sometimes a break is needed after school – your mind needs to rest before doing more work

if you get stuck on a part of the homework, there is more time to ask for help rather than waiting until later

sometimes HW is to watch the news, which doesn’t come on until later


The child can practice taking notes on speakers’ ideas and write a short report based on their accounts. If there are at least two adults nearby that can tell about a common experience they had or an event they both attended, that is wonderful. Otherwise, other children that shared a situation is fine. As each person tells their view of the event, the other person should not be able to hear. The child, or “reporter,” essentially, should take detailed notes. The same thing should repeat with the other speakers. When finished, he child should share their report with the speakers for them to compare points and check accuracy.


Practice answering common everyday questions with mini-reports. For example, when answering, “How was school today?” (central question) have fun writing facts and details about the day to then share with readers. The hard part is not to infuse opinion statements such as, “I didn’t like it when…” or “It was the highlight of the day when…” but rather to just report the FACTS – We went to the library and I selected a book by Roald Dahl. Other examples:

  • The day started off with a fire drill.

  • For lunch, hamburgers were the only menu option. I ate all of mine, even the pickles.

Extra Help Problems


Why is it important to gather information from many, varied resources? (to cross-reference, or compare and contrast, the information given to determine what is true and valid)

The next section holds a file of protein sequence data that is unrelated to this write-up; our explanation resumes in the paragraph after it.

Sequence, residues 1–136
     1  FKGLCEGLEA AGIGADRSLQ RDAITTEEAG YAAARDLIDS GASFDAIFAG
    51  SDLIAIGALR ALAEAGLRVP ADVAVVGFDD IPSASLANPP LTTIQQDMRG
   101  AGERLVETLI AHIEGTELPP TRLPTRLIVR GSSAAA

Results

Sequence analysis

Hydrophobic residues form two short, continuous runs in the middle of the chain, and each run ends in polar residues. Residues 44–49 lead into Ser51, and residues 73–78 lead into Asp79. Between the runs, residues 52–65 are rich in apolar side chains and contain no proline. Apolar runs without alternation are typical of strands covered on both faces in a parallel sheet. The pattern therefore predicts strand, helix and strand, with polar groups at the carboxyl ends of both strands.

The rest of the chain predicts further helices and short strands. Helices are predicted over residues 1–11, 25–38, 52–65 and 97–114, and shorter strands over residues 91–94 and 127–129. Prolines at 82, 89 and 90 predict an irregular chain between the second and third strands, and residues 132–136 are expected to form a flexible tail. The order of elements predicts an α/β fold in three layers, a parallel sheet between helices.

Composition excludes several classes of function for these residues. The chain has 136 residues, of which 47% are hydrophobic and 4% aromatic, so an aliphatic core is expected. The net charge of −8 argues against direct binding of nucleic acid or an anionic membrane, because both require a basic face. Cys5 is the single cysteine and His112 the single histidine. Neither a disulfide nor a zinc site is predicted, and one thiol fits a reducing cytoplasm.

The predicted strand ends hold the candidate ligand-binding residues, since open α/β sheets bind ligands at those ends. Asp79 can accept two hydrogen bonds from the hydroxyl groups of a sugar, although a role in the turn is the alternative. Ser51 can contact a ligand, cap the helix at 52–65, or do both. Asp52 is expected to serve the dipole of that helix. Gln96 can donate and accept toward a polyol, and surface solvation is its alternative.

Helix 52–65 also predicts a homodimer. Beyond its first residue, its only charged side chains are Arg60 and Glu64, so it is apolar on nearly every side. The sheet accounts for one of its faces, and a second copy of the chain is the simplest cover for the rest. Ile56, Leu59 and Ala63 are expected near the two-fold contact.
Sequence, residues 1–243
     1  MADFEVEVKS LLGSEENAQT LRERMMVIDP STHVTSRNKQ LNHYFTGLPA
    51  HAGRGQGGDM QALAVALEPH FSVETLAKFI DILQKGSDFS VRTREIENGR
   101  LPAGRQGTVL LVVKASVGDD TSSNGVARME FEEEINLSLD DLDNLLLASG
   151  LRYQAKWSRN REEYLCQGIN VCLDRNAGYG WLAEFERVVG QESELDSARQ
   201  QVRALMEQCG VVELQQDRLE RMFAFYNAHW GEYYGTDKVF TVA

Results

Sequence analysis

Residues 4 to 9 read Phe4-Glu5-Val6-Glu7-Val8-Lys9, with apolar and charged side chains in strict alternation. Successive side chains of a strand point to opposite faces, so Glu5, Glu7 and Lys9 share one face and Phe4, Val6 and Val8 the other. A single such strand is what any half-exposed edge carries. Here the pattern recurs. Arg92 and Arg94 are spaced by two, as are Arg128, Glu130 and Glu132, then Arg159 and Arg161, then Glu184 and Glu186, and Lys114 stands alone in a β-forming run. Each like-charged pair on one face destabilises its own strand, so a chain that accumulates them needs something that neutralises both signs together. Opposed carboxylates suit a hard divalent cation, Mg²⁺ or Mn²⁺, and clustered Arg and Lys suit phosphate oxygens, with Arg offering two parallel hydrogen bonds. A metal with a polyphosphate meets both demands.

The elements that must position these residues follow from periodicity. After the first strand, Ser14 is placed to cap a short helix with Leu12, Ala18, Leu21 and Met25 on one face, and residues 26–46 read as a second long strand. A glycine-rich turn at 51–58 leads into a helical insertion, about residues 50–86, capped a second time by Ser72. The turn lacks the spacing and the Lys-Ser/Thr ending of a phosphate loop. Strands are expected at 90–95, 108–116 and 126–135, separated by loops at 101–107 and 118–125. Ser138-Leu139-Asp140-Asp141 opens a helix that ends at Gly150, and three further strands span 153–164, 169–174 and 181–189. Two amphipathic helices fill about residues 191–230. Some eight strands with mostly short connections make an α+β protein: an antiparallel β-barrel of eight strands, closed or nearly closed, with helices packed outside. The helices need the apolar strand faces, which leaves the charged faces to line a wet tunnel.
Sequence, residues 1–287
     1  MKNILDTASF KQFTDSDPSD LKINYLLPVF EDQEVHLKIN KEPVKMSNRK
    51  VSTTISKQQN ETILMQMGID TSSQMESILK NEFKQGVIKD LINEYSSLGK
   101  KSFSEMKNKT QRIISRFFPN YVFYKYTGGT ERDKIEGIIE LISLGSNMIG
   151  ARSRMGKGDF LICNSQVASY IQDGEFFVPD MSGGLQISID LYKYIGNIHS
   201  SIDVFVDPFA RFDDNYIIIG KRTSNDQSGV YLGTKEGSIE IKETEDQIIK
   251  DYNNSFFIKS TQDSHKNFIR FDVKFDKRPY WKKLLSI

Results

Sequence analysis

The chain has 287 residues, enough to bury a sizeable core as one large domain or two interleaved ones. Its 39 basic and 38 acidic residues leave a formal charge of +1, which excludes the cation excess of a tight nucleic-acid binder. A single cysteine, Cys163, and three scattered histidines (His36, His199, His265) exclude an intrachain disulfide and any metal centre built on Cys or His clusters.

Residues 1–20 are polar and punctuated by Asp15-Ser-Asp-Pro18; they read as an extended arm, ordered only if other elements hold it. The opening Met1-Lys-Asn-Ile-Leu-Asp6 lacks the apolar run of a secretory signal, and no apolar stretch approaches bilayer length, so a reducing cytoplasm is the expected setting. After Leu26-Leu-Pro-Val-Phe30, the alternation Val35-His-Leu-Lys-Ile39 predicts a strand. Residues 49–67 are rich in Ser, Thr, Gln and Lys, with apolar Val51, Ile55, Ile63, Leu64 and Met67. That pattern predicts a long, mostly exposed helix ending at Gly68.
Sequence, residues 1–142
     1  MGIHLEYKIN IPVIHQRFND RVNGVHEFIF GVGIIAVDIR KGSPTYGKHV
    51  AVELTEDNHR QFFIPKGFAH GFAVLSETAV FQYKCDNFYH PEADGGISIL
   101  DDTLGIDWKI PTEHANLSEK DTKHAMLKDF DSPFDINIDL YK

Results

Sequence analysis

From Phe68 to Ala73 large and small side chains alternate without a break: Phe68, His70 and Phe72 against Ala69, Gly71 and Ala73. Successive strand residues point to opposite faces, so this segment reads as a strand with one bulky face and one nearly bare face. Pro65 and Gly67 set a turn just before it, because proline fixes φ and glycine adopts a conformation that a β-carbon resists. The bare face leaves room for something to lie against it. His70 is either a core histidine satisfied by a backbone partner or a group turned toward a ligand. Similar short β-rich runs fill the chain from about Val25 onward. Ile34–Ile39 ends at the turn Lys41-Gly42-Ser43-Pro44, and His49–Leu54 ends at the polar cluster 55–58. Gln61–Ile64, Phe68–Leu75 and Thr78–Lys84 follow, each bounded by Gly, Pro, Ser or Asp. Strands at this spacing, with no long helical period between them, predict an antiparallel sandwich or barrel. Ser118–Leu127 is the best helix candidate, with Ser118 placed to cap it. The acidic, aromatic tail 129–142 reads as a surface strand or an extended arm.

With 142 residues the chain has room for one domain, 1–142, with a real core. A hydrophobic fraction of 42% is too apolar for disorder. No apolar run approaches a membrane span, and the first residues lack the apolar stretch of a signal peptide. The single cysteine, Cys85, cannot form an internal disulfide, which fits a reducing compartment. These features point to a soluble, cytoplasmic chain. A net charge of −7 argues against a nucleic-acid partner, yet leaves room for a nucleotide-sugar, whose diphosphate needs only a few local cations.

What different kinds of questions are there? (fact and opinion)


What kinds of questions are expected to be answered in informational reports? (factual questions)


What can a framing question begin with? (5 Ws and/or H – Who, What, When, Where, Why, How)


What are some keywords that can be used when framing a question? (significance, function, condition, purpose, kind, traits, etc.)


What does controversial mean? (it describes something that people have very strong, and very different, feelings about – often opposing ideas or opinions)


What are examples of contemporary controversial issues? (gas prices, war, global warming, drug use, best technology, etc.)


What is the opposite a fact? (opinion)


What is an opinion? (someone’s perspective or point of view; what they think about something)


What is the opposite of an opinion? (fact)


What should an information report contain? (details and facts)


What are synonyms for a fact? (truth, reality, actuality, information, evidence)


What are synonyms for a detail? (point, feature, element, aspect, specificity)


What does objective mean? (unbiased, neutral, unprejudiced)


What is the opposite of objective? (subjective)


Why are newspapers important resources? (they have archives that show events and issues over time, and should be from objective points of view – so facts and details are reported)


When can radios and televisions be important resources? (for current events, updates, issues – to get information fast)


Why is the Internet a valuable resource? (it has unlimited information from many different sources)


How can the Internet also be a poor resource? (not everything on the Internet is real or true, although sometimes it is portrayed that way)


How can encyclopedias be useful? (to get a general overview or understanding about a topic; they have records that date back many years)


What kinds of magazines can help in informational reports? (non-fiction magazines based on real-world events; examples: National Geographic, Time, US News and World Report, Zoobooks, Newsweek, Highlights, Sports Illustrated, US Weekly, Forbes, etc.)